Cinedelphia: As for the plot, I was very taken with the scientific ambiguities of the Maze virus and its cure. It makes for a strong movie to have such needless details excised in favor of important thematic/story work. Were the specifics of the virus/cure ever considered?

It’s important for a filmmaker to understand the rules, but I don’t think you should slow down a narrative with needless pseudo science. I mean we worked out the science and the animal behaviour of the infected in detail, which I hope comes through, but I hate films that get bogged down in explanation.

It was much more important of me to make clear that these infected are more animal than mindless. That they communicate and behave like a pack.

Cinedelphia: Your cast is wonderful. I love that there is a somewhat common look amongst the cured. To me, it was reminiscent of folks who currently life on the fringes of real world society. Can you talk a bit about how you chose such a stellar cast, as well has a bit about the general design/look of your film?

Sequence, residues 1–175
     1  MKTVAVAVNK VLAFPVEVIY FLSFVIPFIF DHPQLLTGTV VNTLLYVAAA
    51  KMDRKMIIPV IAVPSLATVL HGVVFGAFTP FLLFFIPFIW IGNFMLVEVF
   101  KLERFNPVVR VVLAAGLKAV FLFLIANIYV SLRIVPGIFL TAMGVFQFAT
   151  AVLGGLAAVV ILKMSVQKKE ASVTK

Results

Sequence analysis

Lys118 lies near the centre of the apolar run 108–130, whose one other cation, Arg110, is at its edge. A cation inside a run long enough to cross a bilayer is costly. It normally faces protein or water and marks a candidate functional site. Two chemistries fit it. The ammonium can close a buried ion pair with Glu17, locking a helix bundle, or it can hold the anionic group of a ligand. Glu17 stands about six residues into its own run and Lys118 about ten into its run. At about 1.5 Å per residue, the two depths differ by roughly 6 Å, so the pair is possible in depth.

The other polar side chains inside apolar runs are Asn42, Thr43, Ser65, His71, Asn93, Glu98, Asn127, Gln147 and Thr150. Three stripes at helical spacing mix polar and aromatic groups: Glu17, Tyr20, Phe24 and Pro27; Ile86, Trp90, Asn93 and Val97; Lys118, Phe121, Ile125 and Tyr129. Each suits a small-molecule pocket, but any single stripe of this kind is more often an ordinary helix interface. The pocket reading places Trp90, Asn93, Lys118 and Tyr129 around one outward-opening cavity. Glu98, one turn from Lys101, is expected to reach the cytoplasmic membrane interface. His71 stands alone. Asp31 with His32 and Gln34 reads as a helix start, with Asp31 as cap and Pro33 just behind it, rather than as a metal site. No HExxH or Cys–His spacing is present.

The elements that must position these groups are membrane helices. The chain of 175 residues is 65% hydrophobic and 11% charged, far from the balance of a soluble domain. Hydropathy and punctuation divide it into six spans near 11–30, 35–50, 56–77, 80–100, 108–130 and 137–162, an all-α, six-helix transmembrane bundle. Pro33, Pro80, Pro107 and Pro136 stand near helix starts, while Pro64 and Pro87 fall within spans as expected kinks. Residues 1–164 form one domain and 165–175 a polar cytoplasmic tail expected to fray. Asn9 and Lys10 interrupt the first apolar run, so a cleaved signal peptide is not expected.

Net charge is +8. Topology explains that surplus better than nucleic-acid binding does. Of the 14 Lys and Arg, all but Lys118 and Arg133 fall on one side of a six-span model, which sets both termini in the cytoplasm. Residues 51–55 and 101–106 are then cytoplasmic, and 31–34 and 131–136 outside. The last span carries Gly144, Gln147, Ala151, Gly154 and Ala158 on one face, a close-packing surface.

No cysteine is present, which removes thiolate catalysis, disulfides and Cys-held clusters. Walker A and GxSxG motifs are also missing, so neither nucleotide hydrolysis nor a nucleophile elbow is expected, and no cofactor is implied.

David Freyne: I feel incredibly fortunate to have such an incredible cast for my first feature. I always had Sam Keeley and Tom Vaughan-Lawlor in mind. They’re brilliant Irish actors who are both superstars in the making.

As for Ellen, I was just a huge fan and had never seen her play a mother before. We reached out to her team, presuming it would be a no and then we’d swiftly move on. But by some miracle the script ended up reaching her and she loved it.

But as great as they all are, their chemistry together was astounding. They brought such a depth and tension to the film.

It was important there was a familiar look to the cured, reminiscent of war vets or victims. They are pale and disheveled and covered in scars from their time as infected. I loved that you can tell who is cured or not by a specific haunted look.

Cinedelphia: In recommending your film to others, I’ve struggle when trying to categorize it. I find it limiting to refer to it as a zombie movie, but I also don’t want to reveal too much. Do you have a pet categorization for it?